Armenians In Ethiopia – A Vanishing Community

By Scribd
Aug 6 2009

Garbis Korajian, a personal friend and a reader of Keghart, brought
to my attention an essay about Armenians in Ethiopia. Reportedly, the
material was used for a PhD thesis by a Swedish author. Unfortunately,
a search did not reveal his identity. Having personal knowledge
of the community, I find the concluding remarks very relevant. To
view the essay in its entirety, please click at Scribd where this
and the following posting entitled Ethiopian Armenians In their own
words are transcribed from. Sentiments of gratitude are extended to
the unknown author. Anybody who is familiar with him please contact
Keghart. [?] Patapan’s book and Ashot Abrahamian’s monograph about
the history of Armenians in Ethiopia – not utilized by the author –
contain additional and important information – Dikran Abrahamian

What I find interesting in anthropology is migration in particular
– how it affects culture and erases ethnic boundaries. What I find
most interesting are just those groups that find themselves in the
middle, the ones one never thinks of: those that live in our midst
– the groups that prove to be exceptional. My interest in social
anthropology has always been in those areas that concern migration,
culture and contemporary ethnicity. How people move, how cultures
are changed by people in motion. I myself have roots in Ethiopia,
a country that is most often connected with poverty or enigmatic
Rastafarian-mystique. To write about Armenians in Ethiopia can seem
rather far-fetched to the uninitiated, but I realised directly that
this was what I wanted to write about. I have on a number of occasions
gone by the Armenian Church in Addis Ababa but never considered why it
is situated there, or even thought at all why there should be Armenians
in Ethiopia; shouldn’t they be in Armenia? When we began reading about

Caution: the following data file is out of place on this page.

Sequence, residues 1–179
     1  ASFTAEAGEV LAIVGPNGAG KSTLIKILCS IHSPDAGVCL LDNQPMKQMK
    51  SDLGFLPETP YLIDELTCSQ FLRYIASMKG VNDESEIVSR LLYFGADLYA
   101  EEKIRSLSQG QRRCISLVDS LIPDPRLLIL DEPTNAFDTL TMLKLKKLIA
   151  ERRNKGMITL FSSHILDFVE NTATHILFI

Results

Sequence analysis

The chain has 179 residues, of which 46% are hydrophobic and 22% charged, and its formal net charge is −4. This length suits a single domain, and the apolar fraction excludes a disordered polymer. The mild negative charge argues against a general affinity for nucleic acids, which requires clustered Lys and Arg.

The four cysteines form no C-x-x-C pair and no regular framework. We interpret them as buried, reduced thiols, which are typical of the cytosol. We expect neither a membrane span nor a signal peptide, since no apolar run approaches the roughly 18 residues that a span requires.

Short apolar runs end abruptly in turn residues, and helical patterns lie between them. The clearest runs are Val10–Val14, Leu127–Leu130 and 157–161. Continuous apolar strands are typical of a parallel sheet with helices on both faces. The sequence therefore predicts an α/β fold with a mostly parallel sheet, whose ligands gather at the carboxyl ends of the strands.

the Armenian diaspora in the A-course the pieces started falling into
place. And the more I looked, the more information I also found about
the diaspora, except those supposedly living in Ethiopia. One answer I
obtained was that they had been dead for a long time. In an Armenian
forum on the Internet they laughed at my question and answered that
there are no black Armenians.

I decided to find out what the situation was. What came out of
my search was a picture of a very little Diaspora on the verge of
extinction, one which had once been very alive but will hardly survive
much longer. This made me even more interested. What had happened? Why
had they suddenly become so few, and where are the remaining Armenians
today? The Armenian diaspora has been documented a number of times,
with the exception of the group in Ethiopia. One has most often
chosen to document the Diasporas that have taken root in what we
call the West. Those groups among the dispersed which choose to
settle in other places are forgotten. Even for many Armenians in the
diaspora, the Ethiopian group is forgotten, despite the fact that the
first Armenians came to Ethiopia already in the 16th century. More
followed at the end of the 19th century, and in connection with
the Armenian genocide the Armenian population was reduced to just
over one thousand. But today there are few Armenians in Ethiopia,
and many Ethiopians have forgotten the role that the Armenians have
played through the years. Ethiopia’s Armenians belong to the past,
though no one has investigated what happened: there is very little
research on Diasporas in the Third World. The focus on Ethiopia has
been on other levels: that it is a country with an extremely rich
and old history influenced by many different peoples is unknown. That
there exist Swedes with different backgrounds is for most people not
particularly strange; but it is more difficult to understand that –
not only in the West – there are groups of people who do not live up
to the stereotype.

[……………………………… ………………………………]


The strength of the Ethio-Armenians lies in their solidarity. Through
maintaining their cultural heritage and the assets that have always